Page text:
Charles Taylor of Salon has written an open letter to Nader voters. In it, he has a suggestion about the Iraq issue:
And I know you've been chastised by those old-style Democrats like me for being blind to the consequences of your actions. But a unique chance exists right now for you to show your true colors, to prove that you are entirely aware of the consequences of your actions and are willing to face them: Volunteer for the invasion of Iraq.Again, President Gore would not launch a pre-emptive, unjust war on Iraq.
The news in the past few weeks has been showing us tearful separations of reservists and their families. Many of the men and women going over to the Gulf are ambivalent about the necessity of war, but they feel obligated by a sense of duty. They've even been honest enough to admit they are frightened of possibly facing biological or chemical weapons.
Wouldn't it be great if just one of them didn't have to go, didn't have to separated from their sweethearts or families because all you Nader voters put Bush in office and helped pave the way for the invasion of Iraq? Wouldn't it be great to show America your guts by taking one of these brave soldiers' place, by declaring that you're not willing to let anybody else die for your actions?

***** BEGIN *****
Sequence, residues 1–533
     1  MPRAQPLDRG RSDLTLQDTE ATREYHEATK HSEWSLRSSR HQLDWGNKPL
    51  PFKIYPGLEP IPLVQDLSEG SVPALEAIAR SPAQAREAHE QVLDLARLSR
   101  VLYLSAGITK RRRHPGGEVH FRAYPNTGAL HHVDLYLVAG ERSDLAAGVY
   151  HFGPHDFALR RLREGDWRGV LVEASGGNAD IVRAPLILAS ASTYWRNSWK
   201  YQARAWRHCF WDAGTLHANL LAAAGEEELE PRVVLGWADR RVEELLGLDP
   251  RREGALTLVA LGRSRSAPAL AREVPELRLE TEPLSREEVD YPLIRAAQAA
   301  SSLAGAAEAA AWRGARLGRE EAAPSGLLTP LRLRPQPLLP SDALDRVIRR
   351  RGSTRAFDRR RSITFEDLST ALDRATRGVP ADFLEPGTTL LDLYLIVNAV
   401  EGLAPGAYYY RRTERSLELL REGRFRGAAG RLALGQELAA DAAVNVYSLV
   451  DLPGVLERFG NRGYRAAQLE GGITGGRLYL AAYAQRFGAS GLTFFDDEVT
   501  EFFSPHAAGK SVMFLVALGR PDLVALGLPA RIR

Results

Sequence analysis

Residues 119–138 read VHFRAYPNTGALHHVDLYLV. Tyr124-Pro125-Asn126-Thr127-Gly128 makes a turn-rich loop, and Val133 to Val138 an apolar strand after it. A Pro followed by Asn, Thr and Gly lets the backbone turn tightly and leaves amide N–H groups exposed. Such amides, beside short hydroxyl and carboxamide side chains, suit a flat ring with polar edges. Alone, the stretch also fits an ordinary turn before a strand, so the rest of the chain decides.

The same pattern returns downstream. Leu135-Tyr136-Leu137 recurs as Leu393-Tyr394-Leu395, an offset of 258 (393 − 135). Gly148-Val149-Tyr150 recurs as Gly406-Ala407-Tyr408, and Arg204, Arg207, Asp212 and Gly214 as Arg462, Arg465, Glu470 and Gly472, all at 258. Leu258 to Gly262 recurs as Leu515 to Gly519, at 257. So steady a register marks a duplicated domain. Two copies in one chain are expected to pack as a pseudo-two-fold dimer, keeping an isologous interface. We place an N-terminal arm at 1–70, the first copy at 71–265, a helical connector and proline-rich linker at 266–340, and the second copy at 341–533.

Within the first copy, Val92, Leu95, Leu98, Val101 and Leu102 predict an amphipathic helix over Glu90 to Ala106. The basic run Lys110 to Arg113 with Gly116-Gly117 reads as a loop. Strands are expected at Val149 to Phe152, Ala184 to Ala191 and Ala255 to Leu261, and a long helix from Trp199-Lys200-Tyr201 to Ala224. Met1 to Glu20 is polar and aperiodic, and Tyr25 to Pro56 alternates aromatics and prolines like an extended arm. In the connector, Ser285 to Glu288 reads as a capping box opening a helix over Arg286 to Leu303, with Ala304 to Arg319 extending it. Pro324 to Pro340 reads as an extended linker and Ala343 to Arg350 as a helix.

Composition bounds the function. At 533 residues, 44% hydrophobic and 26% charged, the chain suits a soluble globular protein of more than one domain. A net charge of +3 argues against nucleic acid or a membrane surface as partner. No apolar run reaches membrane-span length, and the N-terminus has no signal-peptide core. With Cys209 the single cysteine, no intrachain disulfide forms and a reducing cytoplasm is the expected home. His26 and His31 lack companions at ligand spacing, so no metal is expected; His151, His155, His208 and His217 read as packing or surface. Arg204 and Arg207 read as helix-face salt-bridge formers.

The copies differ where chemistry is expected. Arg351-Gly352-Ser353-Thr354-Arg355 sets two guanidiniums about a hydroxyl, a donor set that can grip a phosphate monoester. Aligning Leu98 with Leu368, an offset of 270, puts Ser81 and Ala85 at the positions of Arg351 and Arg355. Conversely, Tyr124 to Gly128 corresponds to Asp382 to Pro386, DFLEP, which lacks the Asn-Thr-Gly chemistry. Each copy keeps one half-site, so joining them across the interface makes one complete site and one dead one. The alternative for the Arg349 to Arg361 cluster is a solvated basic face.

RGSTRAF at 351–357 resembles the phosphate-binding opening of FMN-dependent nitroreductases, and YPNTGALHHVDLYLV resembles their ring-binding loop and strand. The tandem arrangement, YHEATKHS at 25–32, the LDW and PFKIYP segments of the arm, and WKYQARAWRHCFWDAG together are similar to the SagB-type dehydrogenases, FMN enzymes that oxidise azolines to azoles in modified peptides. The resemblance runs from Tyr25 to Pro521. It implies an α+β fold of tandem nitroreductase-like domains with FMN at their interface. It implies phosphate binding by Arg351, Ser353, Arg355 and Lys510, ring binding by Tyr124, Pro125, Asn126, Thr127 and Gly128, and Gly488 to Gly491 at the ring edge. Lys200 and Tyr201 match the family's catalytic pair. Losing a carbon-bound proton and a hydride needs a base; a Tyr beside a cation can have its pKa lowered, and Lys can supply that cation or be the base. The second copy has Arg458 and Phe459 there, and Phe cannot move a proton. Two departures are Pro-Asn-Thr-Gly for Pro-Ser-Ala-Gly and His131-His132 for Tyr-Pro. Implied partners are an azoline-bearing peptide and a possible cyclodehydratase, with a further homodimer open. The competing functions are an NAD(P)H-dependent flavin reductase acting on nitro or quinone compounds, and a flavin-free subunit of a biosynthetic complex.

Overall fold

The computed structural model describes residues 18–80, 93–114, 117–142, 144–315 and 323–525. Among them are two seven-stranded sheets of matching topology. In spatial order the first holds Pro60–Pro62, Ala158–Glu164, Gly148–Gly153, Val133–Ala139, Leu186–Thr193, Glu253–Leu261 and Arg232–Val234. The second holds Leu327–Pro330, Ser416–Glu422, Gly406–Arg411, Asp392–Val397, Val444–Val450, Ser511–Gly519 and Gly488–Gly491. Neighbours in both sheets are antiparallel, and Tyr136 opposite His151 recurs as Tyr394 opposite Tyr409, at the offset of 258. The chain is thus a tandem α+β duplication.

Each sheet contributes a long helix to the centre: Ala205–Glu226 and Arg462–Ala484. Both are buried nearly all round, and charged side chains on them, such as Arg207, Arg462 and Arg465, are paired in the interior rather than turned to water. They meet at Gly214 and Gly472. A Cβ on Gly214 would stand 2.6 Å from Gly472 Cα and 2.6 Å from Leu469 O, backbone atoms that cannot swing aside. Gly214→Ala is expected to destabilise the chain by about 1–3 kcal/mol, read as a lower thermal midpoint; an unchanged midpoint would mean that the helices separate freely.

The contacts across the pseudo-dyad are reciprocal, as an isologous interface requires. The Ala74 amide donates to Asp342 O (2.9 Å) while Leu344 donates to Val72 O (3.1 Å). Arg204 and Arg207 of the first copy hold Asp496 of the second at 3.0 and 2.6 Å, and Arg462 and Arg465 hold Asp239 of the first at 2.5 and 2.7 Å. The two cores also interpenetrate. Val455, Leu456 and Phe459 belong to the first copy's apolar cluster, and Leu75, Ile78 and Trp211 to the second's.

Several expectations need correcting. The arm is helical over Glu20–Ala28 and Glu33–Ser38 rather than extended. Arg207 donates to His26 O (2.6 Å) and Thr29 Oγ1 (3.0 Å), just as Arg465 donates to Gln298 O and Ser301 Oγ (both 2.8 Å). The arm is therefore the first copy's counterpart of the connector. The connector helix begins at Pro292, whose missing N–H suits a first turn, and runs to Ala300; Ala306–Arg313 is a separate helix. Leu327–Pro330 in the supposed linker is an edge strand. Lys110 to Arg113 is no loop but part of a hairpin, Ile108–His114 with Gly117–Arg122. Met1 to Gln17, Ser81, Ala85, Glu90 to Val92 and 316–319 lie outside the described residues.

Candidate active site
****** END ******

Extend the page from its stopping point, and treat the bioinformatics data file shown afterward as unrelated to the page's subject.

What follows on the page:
Yet conflict remains within me. I am a substantially progressive liberal who voted for Gore (and against Bush). I am thoroughly upset at how the actions of Nader and his supporters helped to give us the worst president in American history. Yet I agree with most everything on the Green platform. With that in mind, I want to find a truce of some sort: If I recognize that the spectrum of political debate in America needs to incorporate the left more (which it definitely does), and that money has a corrupting influence on almost everyone in the federal government (which it certainly does), then Nader voters need to acknowledge that the consequences of the choice they made are bigger than just a "cold shower" (as Ralph put it).
Remember, if you combine Gore and Nader's votes in 2000, you get 52%, almost 53, of the electorate, a true majority. If you wished to turn progressive ideas into reality, wouldn't it be a better idea to consolidate that as much as possible?
Anyway, Taylor gets a bit heavy and melodramatic in his letter, but I think he has a bit of a point.